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Nov 14 2017
His Little Prince: A Movember Story You Must Read Comments (0)

23131009_10160128704340643_1181091884123012943_nPlease take the time to read this moving essay by my FB friend Tim Salyers, who is working hard to raise some “Movember” money to combat suicide among men.

The story is gay, the emotions it stirs universal ...


My Own Little Prince

by Tim Salyers

Once upon a time, as these stories usually begin, I had a little Prince. His name was Patrick and he was from France. He was my best friend in the whole world and looking back, I loved him so. I was 21, and we met in Heaven. Well, when I say we met in Heaven, I should clarify a bit as Heaven is a nightclub in London, where I was working. Not too many people can say they worked in Heaven, but I can. It is located under Charing Cross station. To get to it you have to climb many different sets of stairs, otherwise known as the Stairway to Heaven. The frosted glass counters were all lit from underneath so to give a celestial glow to all who went there. I was eating at the bar and drinking a pint and I looked across the oval shaped bar and there he was, this little prince. His hair was dark and curly like a little cherub and the lighting made his tanned olive skin come alive. He was really quite short perhaps 5’6” at most. But boy could he fill a room with his presence…We spoke and well we became fast friends.

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Weeks went by and every day we would go to a museum or an art gallery. Patrick began waiting tables at a restaurant down the street from Heaven, Le Jardin de Gourmet. Every night after work we would go down to the local pub and drink a few pints and discuss philosophy or important works of art in a museum we had just been to. Sometimes if we had the next day off we would crash at my place or his and we’d get up early and go to a flea market such as Portobello. Life was good, then.

But Patrick was also kind of too perfect. I put him on a pedestal so to speak. Everything he did he did with such grace and ease. Girls swooned around him, in fact everyone did. If he made dinner even the table was neatly arranged and the soufflé was served hot and never fell. He was taught to excel in all that was French. Ahh, my little Prince.

More weeks went by and as Xmas came upon us I wondered what on Earth to buy him for Xmas. What could I possibly give him that could equal or show the amount of appreciation I felt for him? He had taught me French and how to cook and so much about art and great books to read. I felt bewildered by it all. One night after a few pints he told me he was going home to France for Xmas and oddly, I felt like life had been sucked away from me. I never imagined he would go away for a week but of course he would be spending it with his family. I couldn’t afford to go home to the states so I stayed in the bedsit and nursed an exceedingly bad cold. Late Xmas night as I was finished taking a hot bath and drinking a Lemsip there was a knock at the door. I opened the door to find Patrick his curly brown hair wet from the rainy cold night. My Little Prince had decided to come back early. He had brought all these homemade Xmas treats like fois gras and meringues his mom had made for their holiday. And a Xmas gift for me.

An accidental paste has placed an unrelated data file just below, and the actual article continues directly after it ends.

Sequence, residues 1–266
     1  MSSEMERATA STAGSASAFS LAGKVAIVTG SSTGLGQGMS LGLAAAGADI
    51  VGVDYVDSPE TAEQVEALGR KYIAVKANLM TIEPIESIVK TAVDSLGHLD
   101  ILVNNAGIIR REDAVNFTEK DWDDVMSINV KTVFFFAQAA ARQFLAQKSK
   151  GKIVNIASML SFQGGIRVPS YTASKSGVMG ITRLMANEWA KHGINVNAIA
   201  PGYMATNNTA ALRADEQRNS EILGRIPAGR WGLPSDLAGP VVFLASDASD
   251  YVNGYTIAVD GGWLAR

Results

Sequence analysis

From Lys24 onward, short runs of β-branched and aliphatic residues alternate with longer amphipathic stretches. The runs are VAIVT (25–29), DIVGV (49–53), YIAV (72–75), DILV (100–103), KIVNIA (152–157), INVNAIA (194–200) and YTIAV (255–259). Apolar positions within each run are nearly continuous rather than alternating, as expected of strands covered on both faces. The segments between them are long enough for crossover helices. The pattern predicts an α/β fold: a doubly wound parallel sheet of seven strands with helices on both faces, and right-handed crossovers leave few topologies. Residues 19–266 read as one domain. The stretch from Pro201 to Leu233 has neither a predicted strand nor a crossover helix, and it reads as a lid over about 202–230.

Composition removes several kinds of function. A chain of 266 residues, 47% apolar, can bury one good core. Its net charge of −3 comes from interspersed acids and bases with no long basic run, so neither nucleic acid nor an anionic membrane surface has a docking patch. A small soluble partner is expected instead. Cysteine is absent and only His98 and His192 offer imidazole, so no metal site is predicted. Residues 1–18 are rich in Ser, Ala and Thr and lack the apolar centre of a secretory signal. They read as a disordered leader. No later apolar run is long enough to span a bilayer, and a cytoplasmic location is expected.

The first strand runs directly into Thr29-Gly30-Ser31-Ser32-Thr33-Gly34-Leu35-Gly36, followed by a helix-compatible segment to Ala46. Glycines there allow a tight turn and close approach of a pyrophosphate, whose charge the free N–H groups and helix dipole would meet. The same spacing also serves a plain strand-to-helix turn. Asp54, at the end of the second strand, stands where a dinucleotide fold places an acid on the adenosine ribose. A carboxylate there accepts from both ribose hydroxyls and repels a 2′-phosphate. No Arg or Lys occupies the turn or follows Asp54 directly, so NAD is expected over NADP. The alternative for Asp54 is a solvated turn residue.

I had been brought up with really good manners but I never have known anyone who knew how to treat people better than Patrick. It tore him apart to think of me alone in a foreign country on Xmas. Slowly he unpacked bottles of this and boxes of that. I tried to imagine how he could have carried all this from the airport! After our late night dinner he handed me a wrapped box that he had cut out little pictures of the little prince and pasted it to. I was kind of well embarrassed by how much effort he had put into it. I opened the oblong box and inside was a plane ticket to Toulouse, France from London. I was entirely overwhelmed by the gift. I felt as though surely I couldn’t accept such a gift. And this is what he said in his heavy French accent, "Tim, if you do not accept this gift then you will offend me. Little Princes do not like to be offended. If you do offend them then they will surely leave.” And with that it was settled. Embarrassingly, He opened my gift of a razor made from Lucite that he had said he liked on one of our many art gallery trips.